May 26, 2005
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Melbourne

Sometimes when traveling, Linda thinks I undertake a little too much.

Woke early this morning (with residual jet lag) to the pleasing discovery that the hotel, despite somewhat dreary decoration, has free wifi. Dispatched email, with tentative dinner plans and various bits of business, chiefly a response to a strangely unpleasant email from a graduate student at a Southern US university who suggested charmingly that our software wasn't "user-friendly" and didn't look very good and could he please have a discount?

Off in good time, for Victoria Market where I strolled many aisles of vegetables, fruits, meats, delicatessen, organic everything, baked stuff, etc. Ate some lovely hot donuts from a truck, then drank some flat white from a cafe.

Melbourne

After this, I ambled across Melbourne to the National Gallery of Victoria, stopping along the way to pick up a theater ticket for the night as dinner plans showed some signs of collapsing. The National Gallery has magnificent design exhibit with all the classic chairs: Barcelona, Corbusier, Breuer, and even a Rietveld which I'd only seen in books.

Melbourne

They also had a Frank Lloyd Wright office chair from the Larkin building, which a design student was earnestly sketching; amazing how Wright can take a conventional swivel desk chair and make it a Wright. Usually, Wright also made chairs uncomfortable, but since office chairs adjust, this one is probably safe.

The collection of 19th century academic paintings are fantastic, and almost unashamed.

Outside, I watched the parade for National Sorry Day, which is today. Then, on by tram to St. Kilda's, which appears to approximate Santa Cruz as seen in a mirror. The Esplanade was chilly, but Acland street was amusing. Cosmos books was very good indeed, right down to the sales rep pitching the next batch of design books to the buyers right in the middle of the shop floor.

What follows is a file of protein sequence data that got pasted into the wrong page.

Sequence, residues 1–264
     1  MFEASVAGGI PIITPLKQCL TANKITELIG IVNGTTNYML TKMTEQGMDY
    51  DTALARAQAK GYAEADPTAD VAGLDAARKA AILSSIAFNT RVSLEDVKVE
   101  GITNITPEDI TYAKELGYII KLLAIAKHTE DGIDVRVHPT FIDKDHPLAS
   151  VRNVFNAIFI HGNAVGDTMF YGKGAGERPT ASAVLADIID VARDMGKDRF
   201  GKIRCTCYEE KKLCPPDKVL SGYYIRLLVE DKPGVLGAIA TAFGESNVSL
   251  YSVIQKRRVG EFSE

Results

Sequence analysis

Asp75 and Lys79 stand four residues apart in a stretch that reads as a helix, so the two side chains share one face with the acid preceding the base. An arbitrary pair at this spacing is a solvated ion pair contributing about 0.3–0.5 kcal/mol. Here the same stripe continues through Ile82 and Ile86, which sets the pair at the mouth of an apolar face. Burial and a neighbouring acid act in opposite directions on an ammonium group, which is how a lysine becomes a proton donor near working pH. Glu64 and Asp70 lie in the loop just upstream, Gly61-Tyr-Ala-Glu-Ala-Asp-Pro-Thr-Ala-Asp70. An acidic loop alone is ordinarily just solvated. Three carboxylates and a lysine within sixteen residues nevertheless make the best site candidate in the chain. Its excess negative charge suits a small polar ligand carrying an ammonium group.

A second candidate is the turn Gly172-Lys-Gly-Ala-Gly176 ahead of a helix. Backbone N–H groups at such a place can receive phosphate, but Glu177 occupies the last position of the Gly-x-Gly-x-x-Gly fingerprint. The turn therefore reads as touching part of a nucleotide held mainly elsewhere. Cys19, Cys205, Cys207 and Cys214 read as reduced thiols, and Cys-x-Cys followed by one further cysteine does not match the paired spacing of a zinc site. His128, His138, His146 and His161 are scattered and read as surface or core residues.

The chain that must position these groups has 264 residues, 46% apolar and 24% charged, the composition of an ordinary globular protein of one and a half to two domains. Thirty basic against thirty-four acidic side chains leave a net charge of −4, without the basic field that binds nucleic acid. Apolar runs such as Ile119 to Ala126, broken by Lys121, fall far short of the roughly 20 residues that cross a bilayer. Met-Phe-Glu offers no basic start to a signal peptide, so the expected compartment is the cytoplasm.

Lunch at Cicciolina, which even in mid-afternoon was full of chattering groups, mostly young women who lunch. I had a souffle of swimmer crab, which was lovely, and then a single big oxtail raviolo sitting atop a handful of beautifully seared scallops, atop sauteed rainbow chard. There was a little bacon in the sauce, I think, verjuice, and beurre blanc. You wouldn't think this would work -- oxtail and scallops? But it does.

Melbourne

Tasty strudel at one of the East European cake shops for which Acland steet is famous, and then back to Federation Square, spending a few minutes with an elaborate digital storytelling exhibit that tends to confirm my perception of the strengths and weaknesses of orthodox Digital Storytelling. Oddly, I hadn't heard of this exhibit before, and it doesn't make any obvious reference to the Atchley/Lambert/Mullins crowd, but the stories seem completely according to Bootcamp rules. Parallel evolution?

Then rush back to the hotel to change and review tomorrow's talk, and then off to the Arts Centre Playhouse for Wars of the Roses, a marathon (3hr 45 min) but thrilling adaptation of the Henry VI trilogy in very modern dress. Letting the French have blue hair was a stroke of genius. Joan of Arc (Georgia Adamson) is played brilliantly as a sexy Jedi knight, and since the Duke of Burgundy is played by Julia Davis, this makes Joan's negotiation with Burgundy into an edgy dance of seduction. The performance ends with Richard, duke of Gloucester performing "Now is the winter of our discontent" as a rock ballad. Director John Bell is a wild fellow.

And so to bed.